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New Year's Resolutions, Annual Reviews, Past Year Reviews...or none of the above?

Jodi LeBlanc Community Leader Dec 22, 2019

As we are in the last month of 2019, I am curious if you have any end of year rituals. I used to be one to make New Year's Resolutions, but over the past couple of years I have done more of an end-of-year audit and then set new intentions for the year. Here are a few options for consideration as 2020 approaches.

~~~~~~~~~~~NEW YEAR'S RESOLUTIONS~~~~~~~~~~~

For those that love making New Year's Resolutions there are some great resources out there to draw from for inspiration:

Sam Feldman created a "New Year's Resolution" Inspiration board: 

NY resolutions.png

As well here are a couple of New Year's Resolutions Trello blog posts to help you achieve your 2020 Goals:

Tips and Tricks for Achieving Your New Year's Resolution by Brian Cervino

4 Ways to Set Successful New Year's Goals in Trello by Leah Ryder

 

~~~~~~~~~~~ ANNUAL REVIEW~~~~~~~~~~~

James Clear author of "Atomic Habits" does an annual review, which he has done the last six years. His Annual Review consists of 3 questions:

  1. What went well this year?
  2. What didn’t go so well this year?
  3. What did I learn?

Here is his 2018 Annual Review to get a glimpse of how he writes about the process.

 

~~~~~~~~~~~PAST YEAR REVIEW~~~~~~~~~~~

Tim Ferriss, author and one of Fast Company’s “Most Innovative Business People” conducts a Past Year Review, which he has been doing for 8+ years, he said it takes between 30-60 minutes.

  1. Grab a notepad and create two columns: POSITIVE and NEGATIVE.
  2. Go through your calendar from the last year, looking at every week.
  3. For each week, jot down on the pad any people or activities or commitments that triggered peak positive or negative emotions for that month. Put them in their respective columns.
  4. Once you’ve gone through the past year, look at your notepad list and ask, “What 20% of each column produced the most reliable or powerful peaks?”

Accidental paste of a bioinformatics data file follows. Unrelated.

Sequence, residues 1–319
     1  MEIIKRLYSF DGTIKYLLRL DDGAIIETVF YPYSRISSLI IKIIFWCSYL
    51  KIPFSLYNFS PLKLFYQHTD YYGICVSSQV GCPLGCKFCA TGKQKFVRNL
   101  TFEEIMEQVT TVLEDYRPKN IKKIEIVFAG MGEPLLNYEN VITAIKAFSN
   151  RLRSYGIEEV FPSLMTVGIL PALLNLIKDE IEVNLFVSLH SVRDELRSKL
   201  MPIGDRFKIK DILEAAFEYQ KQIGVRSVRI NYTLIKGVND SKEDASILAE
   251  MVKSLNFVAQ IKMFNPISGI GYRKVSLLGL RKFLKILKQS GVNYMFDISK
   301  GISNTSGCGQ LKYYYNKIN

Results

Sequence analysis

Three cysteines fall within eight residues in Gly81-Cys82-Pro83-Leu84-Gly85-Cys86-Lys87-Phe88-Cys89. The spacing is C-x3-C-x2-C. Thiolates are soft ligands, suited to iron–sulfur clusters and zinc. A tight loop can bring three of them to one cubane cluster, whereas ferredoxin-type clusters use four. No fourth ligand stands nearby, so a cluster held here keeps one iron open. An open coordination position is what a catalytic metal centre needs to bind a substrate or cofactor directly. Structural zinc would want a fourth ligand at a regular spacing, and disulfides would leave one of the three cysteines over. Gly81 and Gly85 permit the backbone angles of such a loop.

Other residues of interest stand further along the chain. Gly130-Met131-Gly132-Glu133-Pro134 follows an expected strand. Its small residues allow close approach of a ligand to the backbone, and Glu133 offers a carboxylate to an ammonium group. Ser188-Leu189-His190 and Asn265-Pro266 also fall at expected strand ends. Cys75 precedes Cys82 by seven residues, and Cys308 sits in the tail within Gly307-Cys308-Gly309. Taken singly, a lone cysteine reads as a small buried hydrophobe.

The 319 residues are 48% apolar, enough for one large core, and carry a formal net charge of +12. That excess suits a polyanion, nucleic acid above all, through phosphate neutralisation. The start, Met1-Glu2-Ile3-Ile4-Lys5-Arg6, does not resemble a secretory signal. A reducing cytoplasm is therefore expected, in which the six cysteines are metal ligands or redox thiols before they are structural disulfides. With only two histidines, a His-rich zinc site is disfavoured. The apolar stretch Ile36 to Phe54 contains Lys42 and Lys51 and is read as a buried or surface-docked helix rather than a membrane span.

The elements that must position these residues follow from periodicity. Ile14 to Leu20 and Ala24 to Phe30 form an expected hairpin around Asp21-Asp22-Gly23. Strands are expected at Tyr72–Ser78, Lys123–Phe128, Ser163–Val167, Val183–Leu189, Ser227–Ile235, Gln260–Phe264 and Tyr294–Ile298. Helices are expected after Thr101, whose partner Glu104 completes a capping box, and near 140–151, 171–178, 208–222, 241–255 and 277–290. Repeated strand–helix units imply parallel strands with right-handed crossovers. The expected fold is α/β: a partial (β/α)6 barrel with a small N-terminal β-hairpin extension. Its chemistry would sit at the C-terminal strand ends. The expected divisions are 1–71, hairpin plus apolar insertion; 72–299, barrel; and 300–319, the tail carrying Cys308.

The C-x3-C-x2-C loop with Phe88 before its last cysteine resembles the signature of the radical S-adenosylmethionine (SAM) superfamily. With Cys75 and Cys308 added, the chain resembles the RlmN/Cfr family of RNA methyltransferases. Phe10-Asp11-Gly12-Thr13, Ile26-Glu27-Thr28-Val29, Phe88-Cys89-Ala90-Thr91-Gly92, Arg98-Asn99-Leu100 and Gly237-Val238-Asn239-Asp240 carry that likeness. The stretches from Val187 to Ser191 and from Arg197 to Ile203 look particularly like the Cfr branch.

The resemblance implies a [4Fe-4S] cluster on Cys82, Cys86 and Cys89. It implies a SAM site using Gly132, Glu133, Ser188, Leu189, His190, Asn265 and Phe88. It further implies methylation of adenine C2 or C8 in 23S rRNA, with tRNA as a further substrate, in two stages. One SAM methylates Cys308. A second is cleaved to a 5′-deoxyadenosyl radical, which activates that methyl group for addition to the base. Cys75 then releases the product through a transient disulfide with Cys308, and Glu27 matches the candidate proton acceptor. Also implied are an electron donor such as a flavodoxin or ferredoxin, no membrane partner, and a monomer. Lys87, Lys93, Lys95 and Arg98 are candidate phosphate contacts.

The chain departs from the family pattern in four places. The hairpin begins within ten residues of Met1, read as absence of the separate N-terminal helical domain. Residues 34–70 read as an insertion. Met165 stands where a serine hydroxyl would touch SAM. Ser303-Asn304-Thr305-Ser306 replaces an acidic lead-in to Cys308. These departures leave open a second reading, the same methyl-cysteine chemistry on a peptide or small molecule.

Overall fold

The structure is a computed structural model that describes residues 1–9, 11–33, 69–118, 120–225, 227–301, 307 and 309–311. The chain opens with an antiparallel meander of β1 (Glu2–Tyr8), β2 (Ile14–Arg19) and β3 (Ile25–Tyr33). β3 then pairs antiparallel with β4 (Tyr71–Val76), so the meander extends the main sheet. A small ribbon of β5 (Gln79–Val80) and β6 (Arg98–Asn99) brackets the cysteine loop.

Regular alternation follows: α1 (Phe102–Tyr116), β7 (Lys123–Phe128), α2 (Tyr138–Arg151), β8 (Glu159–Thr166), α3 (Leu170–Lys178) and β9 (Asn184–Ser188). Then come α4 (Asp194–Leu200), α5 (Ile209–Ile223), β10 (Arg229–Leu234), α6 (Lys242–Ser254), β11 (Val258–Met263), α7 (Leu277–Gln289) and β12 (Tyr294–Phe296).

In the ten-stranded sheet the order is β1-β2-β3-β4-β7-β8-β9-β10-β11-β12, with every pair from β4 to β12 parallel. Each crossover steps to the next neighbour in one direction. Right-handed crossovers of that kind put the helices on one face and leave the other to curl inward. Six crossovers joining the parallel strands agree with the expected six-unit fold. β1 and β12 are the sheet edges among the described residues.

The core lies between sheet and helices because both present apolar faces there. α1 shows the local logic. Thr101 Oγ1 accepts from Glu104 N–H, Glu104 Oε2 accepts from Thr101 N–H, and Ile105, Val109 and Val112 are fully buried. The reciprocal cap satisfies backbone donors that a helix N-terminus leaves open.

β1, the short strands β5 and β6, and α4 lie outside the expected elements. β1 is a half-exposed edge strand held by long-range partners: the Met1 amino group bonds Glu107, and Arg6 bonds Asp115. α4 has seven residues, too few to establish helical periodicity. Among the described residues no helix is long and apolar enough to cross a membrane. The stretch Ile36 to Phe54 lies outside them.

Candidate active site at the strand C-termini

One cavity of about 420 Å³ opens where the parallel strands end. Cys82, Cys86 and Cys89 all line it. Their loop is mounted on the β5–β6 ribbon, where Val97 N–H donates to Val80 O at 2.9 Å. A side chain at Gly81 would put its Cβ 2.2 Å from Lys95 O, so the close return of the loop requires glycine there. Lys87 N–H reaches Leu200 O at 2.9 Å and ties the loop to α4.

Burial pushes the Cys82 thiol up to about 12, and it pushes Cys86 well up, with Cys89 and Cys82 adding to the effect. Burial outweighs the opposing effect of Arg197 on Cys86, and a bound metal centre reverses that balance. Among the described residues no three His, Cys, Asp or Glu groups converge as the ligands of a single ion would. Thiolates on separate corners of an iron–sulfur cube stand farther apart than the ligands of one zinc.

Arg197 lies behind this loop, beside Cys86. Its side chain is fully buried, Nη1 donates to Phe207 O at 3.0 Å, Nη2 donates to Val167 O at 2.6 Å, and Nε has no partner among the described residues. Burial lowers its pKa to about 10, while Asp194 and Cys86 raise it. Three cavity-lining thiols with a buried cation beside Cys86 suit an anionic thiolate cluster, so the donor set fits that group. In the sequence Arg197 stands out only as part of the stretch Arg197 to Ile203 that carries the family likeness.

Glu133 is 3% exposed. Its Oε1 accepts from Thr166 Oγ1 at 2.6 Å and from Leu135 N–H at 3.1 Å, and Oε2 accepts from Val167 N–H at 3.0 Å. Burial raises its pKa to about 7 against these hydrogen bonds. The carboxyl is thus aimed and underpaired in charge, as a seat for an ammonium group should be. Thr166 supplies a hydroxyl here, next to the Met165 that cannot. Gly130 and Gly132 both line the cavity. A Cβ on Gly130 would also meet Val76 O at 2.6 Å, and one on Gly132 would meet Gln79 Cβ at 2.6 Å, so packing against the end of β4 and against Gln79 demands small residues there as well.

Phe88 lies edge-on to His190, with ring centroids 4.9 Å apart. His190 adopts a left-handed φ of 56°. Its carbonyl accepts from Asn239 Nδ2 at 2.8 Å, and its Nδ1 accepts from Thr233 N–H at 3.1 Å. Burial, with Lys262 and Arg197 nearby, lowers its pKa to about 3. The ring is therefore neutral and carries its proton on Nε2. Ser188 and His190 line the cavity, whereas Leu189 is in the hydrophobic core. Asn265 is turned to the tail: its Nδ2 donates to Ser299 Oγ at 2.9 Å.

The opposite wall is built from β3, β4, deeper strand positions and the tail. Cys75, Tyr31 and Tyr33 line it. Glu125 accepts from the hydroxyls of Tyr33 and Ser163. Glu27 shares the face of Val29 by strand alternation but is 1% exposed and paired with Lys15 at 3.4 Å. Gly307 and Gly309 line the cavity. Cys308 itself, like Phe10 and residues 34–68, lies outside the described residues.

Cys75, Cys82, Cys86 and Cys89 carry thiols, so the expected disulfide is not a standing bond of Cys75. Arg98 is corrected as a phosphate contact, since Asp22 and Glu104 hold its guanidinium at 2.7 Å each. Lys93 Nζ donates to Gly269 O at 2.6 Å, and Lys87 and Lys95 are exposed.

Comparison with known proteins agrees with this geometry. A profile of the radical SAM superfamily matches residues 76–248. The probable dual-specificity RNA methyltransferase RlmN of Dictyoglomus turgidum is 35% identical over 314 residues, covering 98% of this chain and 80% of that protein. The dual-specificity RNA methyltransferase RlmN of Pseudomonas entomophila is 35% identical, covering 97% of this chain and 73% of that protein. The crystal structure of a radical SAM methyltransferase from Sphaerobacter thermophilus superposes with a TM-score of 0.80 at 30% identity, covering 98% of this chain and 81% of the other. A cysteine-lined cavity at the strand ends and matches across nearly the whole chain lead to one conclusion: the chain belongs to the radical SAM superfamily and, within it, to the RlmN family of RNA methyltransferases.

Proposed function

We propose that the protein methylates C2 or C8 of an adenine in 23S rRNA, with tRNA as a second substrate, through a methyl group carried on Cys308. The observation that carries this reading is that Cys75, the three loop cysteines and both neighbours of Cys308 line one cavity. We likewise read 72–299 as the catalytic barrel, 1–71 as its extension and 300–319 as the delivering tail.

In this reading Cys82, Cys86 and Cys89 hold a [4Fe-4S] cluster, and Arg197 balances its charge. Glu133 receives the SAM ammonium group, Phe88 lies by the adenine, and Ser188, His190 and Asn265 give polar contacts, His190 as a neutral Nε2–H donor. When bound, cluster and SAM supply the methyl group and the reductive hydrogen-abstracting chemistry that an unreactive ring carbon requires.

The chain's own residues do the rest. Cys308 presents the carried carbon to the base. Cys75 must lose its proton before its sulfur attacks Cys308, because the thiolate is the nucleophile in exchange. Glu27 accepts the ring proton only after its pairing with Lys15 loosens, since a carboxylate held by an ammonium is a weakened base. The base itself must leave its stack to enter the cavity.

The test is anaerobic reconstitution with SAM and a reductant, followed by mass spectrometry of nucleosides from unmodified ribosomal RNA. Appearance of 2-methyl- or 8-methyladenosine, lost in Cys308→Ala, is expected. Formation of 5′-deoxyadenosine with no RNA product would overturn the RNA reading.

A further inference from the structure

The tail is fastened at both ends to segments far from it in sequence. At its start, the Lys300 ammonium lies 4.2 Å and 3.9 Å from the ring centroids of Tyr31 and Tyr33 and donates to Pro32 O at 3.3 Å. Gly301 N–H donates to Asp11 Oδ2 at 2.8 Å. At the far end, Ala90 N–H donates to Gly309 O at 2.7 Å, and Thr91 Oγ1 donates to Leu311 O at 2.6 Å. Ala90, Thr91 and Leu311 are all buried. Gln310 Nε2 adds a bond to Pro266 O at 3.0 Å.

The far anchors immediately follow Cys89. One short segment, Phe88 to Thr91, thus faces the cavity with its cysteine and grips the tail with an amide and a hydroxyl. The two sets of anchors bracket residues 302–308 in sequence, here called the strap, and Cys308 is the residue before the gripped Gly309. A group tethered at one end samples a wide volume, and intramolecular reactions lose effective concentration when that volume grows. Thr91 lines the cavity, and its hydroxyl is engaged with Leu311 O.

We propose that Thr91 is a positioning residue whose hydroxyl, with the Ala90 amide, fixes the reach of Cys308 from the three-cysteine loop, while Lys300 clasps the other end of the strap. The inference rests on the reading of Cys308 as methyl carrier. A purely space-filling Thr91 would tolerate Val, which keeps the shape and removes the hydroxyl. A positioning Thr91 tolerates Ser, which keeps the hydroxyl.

5. Based on the answers, take your “positive” leaders and schedule more of them in the new year. Get them on the calendar now! Book things with friends and prepay for activities/events/commitments that you know work. It’s not real until it’s in the calendar. That’s step one. Step two is to take your “negative” leaders, put “NOT-TO-DO LIST” at the top, and put them somewhere you can see them each morning for the first few weeks of 2019. These are the people and things you *know* make you miserable, so don’t put them on your calendar out of obligation, guilt, FOMO, or other nonsense.

~~~~~~~~~~~UNRAVEL YOUR YEAR~~~~~~~~~~

The Unravel your Year is what I have been doing the last couple of years, by Susannah Conway. It's a workbook where you evaluate the year that is ending by answering a full range of questions, and then you complete that year and start setting your intentions for the new year while responding to questions related to your goals and aspirations. You even have the option to do an Angel Card reading depicting your year. Here are a few photos from my last two years doing the workbook. 

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~~~~~~~~~~~GO WITH THE FLOW~~~~~~~~~~~

For those that go with the flow and don't do anything out of the ordinary when a new year starts, and/or you are living in the present moment every day - that's a great method too and I commend you on being so mindful.

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~~~~~~~~~~~~~~~~~~~~~~~~~~~~~~~~~~~~~~~~~~~~~~~~~~

I would love to hear what you do at the end of a year and the start of a new one. Any of the ones listed above? If not, what's missing from this list?

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1 comment

Erica Moss Community Manager Jan 06, 2020

@Jodi LeBlanc I'm still mulling over my goals, so this is a great inspo boost. ⚡️

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Jodi LeBlanc Community Leader Jan 06, 2020

Nice! I was listening to the "Before Breakfast" podcast a few days ago and she mentioned setting quarterly goals instead of yearly. I did the "Unravel your Year 2020" and am now working to break up my goals into quarterly chunks, I am thinking this may make them more manageable/achievable :)

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